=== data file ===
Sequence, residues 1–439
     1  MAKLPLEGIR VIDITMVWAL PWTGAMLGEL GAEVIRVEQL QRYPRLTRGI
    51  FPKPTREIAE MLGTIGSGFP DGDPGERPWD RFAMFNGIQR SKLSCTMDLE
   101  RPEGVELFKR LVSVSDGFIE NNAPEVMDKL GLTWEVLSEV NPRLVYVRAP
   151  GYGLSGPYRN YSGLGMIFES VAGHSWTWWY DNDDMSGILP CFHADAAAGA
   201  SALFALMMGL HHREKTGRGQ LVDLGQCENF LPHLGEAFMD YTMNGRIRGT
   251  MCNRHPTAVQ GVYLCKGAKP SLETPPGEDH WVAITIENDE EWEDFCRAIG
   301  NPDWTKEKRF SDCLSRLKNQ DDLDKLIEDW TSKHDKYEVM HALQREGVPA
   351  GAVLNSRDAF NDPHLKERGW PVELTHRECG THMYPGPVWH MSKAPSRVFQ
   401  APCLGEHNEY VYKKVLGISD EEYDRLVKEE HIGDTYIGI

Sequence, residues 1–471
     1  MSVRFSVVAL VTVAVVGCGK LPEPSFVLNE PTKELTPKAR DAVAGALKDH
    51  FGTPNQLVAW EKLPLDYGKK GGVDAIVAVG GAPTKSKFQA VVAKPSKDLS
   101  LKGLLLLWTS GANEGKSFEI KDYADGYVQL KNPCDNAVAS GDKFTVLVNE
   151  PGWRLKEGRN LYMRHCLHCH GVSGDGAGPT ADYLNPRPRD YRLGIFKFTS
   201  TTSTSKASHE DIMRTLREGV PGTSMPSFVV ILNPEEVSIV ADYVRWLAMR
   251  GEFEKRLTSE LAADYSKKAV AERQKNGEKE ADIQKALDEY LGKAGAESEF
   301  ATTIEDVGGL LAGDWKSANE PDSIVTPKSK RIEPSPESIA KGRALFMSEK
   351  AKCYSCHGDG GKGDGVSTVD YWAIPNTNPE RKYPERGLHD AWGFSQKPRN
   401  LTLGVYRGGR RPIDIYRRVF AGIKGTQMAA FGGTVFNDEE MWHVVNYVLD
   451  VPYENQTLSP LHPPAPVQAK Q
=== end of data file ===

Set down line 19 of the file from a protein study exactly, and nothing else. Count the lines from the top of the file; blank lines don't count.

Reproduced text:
   351  AKCYSCHGDG GKGDGVSTVD YWAIPNTNPE RKYPERGLHD AWGFSQKPRN